That's what's happening today.

As Fox News, The New York PostNational ReviewThe FederalistThe Daily Caller, and other right-of-center media outlets are "pouncing" on leaked text messages that appear to assure Joe Biden a 10 percent cut in a deal with a Chinese energy company, you won't find that information from other, traditional outlets like CNN, MSNBC, The Washington PostThe New York Times, or even the once reliably right-wing Drudge Report. (There is an NBC News story that touches on the controversy briefly, but it's buried within a story about QAnon conspiracies and human trafficking.

This reporting divide is leaving is with a bifurcated media landscape. People who rightly pride themselves on being well, if not broadly, read news junkies can find themselves completely oblivious to this developing story despite consuming a lot of national political reporting.

These political reporters on the left side of the reporting divide go on Twitter and, to the approving retweets and replies of their colleagues and other blue checks, justify why the can't, won't, and/or shouldn't report on news that the other half of America is talking about.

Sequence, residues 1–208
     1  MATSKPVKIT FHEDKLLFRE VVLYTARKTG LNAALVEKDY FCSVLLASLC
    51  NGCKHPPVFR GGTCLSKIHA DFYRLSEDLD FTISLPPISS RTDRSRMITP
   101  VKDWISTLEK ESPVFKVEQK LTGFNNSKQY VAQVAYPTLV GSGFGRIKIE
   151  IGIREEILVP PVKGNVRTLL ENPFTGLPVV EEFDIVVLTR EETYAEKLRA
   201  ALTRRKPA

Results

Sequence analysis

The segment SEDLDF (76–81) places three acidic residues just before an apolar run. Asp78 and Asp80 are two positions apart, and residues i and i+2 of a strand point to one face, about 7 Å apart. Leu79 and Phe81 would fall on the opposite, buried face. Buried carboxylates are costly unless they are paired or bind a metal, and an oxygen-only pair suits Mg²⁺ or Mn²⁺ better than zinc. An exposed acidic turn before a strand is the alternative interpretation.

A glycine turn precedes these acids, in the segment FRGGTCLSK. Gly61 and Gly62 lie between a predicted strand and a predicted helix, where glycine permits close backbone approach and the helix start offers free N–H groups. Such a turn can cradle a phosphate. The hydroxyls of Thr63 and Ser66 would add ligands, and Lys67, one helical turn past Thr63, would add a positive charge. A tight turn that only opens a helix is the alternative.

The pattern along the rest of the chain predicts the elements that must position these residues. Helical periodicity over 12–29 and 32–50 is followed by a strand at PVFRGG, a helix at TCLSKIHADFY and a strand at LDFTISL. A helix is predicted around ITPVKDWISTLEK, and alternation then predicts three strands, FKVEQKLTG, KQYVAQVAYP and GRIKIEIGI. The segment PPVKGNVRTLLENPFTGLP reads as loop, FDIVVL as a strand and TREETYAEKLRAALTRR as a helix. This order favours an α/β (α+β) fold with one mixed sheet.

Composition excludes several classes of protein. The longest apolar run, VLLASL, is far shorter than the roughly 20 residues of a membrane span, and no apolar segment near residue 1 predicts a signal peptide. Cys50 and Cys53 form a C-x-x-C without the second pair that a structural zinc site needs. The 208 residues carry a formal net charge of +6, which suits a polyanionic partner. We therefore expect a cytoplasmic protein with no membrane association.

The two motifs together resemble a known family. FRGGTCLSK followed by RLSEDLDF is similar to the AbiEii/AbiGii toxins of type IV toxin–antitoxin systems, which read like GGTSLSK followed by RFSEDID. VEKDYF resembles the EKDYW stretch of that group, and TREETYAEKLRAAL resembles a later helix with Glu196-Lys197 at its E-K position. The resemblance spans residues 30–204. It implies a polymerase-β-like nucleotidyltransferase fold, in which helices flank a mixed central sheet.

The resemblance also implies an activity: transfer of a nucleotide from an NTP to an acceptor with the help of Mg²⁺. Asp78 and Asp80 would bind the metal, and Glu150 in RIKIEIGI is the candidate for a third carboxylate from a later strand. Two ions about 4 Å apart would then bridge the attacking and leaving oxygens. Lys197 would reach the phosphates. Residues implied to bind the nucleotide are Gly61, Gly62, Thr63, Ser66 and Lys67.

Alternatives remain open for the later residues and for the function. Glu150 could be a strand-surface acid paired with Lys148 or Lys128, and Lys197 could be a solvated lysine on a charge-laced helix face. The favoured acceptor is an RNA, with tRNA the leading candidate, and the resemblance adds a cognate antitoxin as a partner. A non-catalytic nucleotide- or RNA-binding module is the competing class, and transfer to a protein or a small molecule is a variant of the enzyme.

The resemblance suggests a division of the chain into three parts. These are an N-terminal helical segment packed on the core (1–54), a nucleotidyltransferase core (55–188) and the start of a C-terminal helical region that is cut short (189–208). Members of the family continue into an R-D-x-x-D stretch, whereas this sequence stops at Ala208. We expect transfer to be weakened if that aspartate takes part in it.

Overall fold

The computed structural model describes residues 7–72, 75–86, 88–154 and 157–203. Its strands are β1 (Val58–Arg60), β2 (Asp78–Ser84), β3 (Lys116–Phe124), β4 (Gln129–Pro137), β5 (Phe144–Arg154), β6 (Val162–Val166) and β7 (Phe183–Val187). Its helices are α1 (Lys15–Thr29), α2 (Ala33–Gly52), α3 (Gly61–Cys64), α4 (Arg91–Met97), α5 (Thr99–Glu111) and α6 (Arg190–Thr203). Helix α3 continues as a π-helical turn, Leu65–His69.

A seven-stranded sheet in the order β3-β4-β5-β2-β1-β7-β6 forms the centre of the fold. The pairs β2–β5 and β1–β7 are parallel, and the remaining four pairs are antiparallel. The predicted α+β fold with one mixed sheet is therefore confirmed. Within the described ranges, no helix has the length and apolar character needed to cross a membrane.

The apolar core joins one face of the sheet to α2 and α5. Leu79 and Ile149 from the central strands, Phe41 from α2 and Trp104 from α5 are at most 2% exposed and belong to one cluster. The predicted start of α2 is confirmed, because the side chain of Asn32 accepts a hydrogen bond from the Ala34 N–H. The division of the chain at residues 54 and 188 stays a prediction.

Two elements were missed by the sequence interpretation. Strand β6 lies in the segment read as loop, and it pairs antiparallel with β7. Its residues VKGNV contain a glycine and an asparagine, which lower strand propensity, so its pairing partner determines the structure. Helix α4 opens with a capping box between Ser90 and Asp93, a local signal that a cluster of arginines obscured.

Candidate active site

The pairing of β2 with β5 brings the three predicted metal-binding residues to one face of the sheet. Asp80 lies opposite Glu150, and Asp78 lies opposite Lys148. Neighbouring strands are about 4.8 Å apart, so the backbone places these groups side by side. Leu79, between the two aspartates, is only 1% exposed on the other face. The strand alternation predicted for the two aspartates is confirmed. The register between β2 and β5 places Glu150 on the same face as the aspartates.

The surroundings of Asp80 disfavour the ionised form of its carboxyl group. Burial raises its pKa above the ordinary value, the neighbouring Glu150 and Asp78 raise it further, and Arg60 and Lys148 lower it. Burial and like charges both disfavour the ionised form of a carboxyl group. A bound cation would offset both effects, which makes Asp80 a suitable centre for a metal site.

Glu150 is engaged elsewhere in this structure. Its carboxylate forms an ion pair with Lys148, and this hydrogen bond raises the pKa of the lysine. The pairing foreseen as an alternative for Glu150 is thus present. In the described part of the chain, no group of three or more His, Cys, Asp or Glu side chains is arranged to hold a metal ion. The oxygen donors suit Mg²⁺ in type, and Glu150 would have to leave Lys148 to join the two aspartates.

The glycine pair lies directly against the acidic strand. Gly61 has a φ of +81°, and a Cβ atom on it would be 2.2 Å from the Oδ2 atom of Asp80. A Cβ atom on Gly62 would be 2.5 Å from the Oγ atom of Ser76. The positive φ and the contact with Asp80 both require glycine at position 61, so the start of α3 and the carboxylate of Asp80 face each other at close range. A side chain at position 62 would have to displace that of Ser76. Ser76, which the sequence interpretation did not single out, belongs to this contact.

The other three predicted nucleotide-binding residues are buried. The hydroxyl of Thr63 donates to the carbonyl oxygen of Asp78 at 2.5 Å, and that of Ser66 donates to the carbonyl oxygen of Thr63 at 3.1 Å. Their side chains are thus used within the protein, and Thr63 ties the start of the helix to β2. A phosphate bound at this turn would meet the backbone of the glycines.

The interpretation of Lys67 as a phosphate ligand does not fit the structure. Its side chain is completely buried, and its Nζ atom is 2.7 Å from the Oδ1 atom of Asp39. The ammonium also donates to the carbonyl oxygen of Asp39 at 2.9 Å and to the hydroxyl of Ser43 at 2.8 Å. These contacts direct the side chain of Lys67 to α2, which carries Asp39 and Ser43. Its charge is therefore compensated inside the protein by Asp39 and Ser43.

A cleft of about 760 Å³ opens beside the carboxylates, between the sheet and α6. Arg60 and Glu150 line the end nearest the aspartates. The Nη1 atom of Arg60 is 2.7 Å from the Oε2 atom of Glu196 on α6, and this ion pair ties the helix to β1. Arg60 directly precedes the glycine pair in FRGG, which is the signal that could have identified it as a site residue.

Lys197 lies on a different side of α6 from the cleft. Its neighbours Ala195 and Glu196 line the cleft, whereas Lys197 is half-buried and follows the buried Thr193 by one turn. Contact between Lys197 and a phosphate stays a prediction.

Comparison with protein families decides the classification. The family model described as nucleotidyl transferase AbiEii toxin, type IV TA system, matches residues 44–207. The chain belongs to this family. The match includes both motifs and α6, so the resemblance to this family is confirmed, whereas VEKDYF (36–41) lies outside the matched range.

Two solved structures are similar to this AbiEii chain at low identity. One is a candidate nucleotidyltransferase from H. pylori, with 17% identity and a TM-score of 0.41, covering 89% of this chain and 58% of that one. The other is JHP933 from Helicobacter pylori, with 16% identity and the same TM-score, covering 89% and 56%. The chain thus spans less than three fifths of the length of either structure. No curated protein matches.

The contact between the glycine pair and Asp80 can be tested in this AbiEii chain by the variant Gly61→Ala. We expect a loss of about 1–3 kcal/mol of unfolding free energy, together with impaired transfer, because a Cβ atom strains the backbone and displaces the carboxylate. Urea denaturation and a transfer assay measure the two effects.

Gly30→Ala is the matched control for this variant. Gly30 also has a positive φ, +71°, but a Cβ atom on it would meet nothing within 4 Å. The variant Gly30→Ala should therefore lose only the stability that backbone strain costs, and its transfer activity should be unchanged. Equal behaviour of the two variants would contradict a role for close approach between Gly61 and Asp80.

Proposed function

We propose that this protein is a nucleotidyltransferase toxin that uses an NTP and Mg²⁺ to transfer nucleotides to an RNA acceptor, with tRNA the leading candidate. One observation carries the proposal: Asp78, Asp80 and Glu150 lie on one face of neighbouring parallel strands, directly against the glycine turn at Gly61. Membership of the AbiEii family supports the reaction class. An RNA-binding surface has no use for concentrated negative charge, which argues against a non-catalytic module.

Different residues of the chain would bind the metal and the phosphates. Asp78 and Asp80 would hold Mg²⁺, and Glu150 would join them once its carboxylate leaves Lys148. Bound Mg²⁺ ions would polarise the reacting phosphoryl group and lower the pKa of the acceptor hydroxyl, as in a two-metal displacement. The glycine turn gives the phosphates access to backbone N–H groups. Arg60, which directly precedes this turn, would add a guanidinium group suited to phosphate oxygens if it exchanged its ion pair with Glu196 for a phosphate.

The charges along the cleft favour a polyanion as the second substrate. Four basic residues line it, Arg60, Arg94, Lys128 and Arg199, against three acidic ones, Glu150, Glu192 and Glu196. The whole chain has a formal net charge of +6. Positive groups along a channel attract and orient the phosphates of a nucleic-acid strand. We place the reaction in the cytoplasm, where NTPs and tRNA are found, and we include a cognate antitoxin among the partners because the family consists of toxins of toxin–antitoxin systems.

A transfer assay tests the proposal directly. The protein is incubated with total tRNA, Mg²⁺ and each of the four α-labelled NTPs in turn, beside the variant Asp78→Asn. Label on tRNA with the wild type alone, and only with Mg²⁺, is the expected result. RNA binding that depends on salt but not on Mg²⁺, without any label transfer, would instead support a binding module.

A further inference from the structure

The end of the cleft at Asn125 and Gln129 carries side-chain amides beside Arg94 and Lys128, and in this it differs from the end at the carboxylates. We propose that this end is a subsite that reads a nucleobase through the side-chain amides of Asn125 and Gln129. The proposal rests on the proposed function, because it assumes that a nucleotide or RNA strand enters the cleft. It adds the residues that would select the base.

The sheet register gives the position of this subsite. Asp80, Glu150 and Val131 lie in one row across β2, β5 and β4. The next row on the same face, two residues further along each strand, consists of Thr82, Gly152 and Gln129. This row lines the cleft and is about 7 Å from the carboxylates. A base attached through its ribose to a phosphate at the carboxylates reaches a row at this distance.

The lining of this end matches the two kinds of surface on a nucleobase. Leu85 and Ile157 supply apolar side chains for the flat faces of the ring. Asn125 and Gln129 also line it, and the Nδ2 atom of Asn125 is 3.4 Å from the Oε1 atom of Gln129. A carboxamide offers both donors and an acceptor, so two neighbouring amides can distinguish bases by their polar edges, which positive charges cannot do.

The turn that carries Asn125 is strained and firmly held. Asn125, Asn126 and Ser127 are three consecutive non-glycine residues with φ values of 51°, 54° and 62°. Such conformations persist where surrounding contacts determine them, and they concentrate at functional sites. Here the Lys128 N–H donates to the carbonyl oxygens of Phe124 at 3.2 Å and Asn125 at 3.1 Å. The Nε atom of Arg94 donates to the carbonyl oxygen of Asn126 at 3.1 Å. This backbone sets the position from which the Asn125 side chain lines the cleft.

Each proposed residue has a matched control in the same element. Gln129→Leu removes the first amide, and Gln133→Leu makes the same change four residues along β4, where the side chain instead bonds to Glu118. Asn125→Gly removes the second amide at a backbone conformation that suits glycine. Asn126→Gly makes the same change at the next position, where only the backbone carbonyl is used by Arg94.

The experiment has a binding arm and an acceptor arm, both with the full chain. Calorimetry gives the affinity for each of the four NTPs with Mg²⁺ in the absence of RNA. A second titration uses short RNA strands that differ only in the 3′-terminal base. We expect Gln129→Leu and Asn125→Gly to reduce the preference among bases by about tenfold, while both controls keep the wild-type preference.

This divide is not just bad news for journalism that continues to see its respectability wane, but also for our democracy. Iowahawk's famous line that "Journalism is about covering the important stories...with a pillow, until they stop moving" shouldn't become this obviously true.

For those of you who are interested in the latest developments today, having not been well-served by the left-side media, check out this summary from The Wall Street Journal's Kimberly Strassel.


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October 2020